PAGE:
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  • heater

    winter is approaching and im starting to think of a new way to heat my shop. it needs to be cheap, puts out a lot of heat and adjustable. i am not worried about venting it. any ideas.

  • #2
    Re: heater

    Whats cheap about heating? The best heating savings is your amount of insulation in the walls and ceiling. Slab heating is probably one of the best for the bang of your dollar.

    Do not use open flame in your shop, way to dangerous.

    Oh Levon, I see your in Georgia, so it won't take much heat in your shop, since you do not get cold like we do, so maybe a ceiling hung space heater will do, electric or gas.
    Last edited by garager; 10-26-2008, 04:18 PM.
    Great Link for a Construction Owner/Tradesmen, and just say Garager sent you....

    http://www.contractorspub.com

    A good climbing rope will last you 3 to 5 years, a bad climbing rope will last you a life time !!!

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    • #3
      Re: heater

      How cold can it get in Tifton, GA? C'mon up in this neck of the woods in a couple of months or so and garager and I will treat you to some really cold stuff.
      Teach your kids about taxes..........eat 30 percent of their ice cream.

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      • #4
        Re: heater

        i think both you guys are super, but i will have to stay in this arctic section, lol! it does get cool in the mornings and sometimes we have 3 or 4 cold days a year, (example) highs in the 30's. but i do still need a little heat. my shop is small but uninsulated.

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        • #5
          Re: heater

          all joking aside, i would like to visit you if im ever lucky enough to be in the area.

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          • #6
            Re: heater

            Badger Dave, i see you like to fish. what species do you fish for in your part of Wisconsin? do you have crappie up there? i fish for largemouth bass, crappie and bream. its not cold enough here for smallmouth bass to live. we do have shaol bass that look like smallmouth.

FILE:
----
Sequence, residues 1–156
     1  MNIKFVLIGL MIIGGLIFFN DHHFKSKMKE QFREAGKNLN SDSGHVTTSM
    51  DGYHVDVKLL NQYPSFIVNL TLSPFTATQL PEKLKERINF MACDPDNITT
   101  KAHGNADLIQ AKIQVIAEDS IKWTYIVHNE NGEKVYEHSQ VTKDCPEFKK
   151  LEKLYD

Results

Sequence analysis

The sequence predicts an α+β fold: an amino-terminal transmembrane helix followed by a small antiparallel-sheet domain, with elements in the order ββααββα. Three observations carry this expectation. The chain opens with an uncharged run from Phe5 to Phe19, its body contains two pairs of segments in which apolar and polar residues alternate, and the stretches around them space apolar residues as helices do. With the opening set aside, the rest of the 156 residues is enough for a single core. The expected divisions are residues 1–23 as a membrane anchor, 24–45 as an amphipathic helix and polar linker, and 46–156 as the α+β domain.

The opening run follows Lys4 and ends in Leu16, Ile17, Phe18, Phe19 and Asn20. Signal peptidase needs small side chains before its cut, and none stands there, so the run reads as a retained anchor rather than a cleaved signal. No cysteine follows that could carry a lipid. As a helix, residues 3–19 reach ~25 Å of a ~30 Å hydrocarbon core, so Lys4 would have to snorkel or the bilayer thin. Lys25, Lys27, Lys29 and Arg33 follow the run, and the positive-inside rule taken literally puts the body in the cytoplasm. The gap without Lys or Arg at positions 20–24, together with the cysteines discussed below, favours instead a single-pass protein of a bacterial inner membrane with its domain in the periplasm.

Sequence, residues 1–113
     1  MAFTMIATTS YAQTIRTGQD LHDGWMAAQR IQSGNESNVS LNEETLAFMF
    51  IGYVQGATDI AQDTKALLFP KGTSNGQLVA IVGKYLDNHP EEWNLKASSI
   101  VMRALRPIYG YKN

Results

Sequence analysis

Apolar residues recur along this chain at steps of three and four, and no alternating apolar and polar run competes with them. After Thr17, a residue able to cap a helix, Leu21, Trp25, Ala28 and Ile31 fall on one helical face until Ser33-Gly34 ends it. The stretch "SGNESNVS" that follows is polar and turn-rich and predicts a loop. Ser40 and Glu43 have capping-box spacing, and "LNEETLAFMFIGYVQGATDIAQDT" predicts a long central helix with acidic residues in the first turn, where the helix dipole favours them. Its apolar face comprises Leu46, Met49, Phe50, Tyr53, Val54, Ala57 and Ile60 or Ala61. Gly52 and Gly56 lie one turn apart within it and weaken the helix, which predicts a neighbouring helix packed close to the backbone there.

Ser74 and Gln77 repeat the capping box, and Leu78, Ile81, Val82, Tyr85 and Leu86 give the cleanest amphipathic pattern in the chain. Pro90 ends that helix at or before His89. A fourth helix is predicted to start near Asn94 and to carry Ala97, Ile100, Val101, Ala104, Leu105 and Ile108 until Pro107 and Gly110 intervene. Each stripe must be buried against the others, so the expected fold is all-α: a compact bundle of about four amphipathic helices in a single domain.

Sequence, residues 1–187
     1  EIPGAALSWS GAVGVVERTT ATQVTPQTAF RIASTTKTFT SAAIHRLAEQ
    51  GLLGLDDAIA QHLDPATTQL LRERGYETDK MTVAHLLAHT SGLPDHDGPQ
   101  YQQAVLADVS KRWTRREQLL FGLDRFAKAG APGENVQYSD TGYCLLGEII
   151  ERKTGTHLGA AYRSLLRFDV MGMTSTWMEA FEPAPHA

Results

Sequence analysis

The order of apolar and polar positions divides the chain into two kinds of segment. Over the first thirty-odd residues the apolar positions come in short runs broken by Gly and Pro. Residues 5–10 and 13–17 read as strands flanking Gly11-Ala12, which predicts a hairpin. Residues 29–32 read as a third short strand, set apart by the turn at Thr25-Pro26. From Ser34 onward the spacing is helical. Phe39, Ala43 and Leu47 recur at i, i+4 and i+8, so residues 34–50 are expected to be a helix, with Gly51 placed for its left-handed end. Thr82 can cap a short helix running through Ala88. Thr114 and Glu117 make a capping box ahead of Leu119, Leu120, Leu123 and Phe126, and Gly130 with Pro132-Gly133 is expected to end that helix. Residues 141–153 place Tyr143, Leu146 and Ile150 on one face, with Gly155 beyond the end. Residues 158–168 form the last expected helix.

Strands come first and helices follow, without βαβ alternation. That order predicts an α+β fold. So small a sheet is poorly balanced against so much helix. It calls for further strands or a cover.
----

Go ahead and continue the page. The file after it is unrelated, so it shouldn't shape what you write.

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            • #7
              Re: heater

              garager, would a gas ceiling hung space heater have an open flame??? Would a torpedo heater be safe??? Thanks Pat

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              • #8
                Re: heater

                I also live in the frigid north (North Atlanta that is) and am looking for some heat for my two car garage/workshop. I was at Home Depot yesterday looking at 20,000 - 30,000 btu/hr heaters, comparing the kerosene, LP convection and the LP infra red. The employee that offerred to to help happens to build mahagony sail boats in his workshop. He highly recommended the infra red (the kind that sits on top of a 20lb tank). His view was that kerosene leaves too much residue on hard wood and creates a finishing problem. The convection ones are a bit noisy and move air (and dust). He only uses the Infra red, which radiate and were also the cheapest. I got the one with the dual radiators on top and is rated up to 30,000btu/hr. Now to test it.

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                • #9
                  Re: heater

                  keep in mind that for every pound of propane you burn you are adding the same amount of water to your garage atmosphere. If you do not have good ventilation the humidity will increase to a point where you will begin to see flash rust on unprotected cast iron and your wood will also absorb moisture

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                  • #10
                    Re: heater

                    I have been doing research on this for the last 2 years working in a cold garage. I tried the on the tank propane heaters. Very hot in front but did not heat the garage up. I thought about the so called torpedo kerosene heaters. They put out the heat but are as loud as a jet engine. Didn’t need the stress will all that noise. Then I found this heater http://www.pinnacleint.com/sunstream.html
                    I bought one and started it in my 2 ½ car garage. It was 55 degrees after ½ hour it was 80 degrees. I belive it will serve me well this winter in Michigan. At 20 degrees outside air temp I hope to only run it 15 minutes every hour or so. This is so much quieter than the other forced air kerosene heaters.
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                    • #11
                      Re: heater

                      Levon, first off, insulate that shop. You will need less heat (btu's) to heat it up quickly reducing the amount you spend on a heater and the amount of time required to heat it up and retain the heat.

                      When you size for heating, one of the critical elements is R-value. You do not have insulation so you would require a larger heater and use more fuel. How big of area are you heating?

                      I have used kerosene, propane and electric to heat my shop. Kerosene was horribly expensive and stunk. Propane was sneaky. It secretly rusted my tools. Electric was the best if, I kept it on continually by thermostat. I ran a natural gas line to my shop this summer and I have a unit heater with sealed combustion on order so I'll see how that works out.

                      So, I guess my opinion for your area would be insulate the shop and use a small electric heater. Hope this help out.

                      Those leaf footed bugs are gone now! ya!
                      Anyone can tear a man down, few can build one up.

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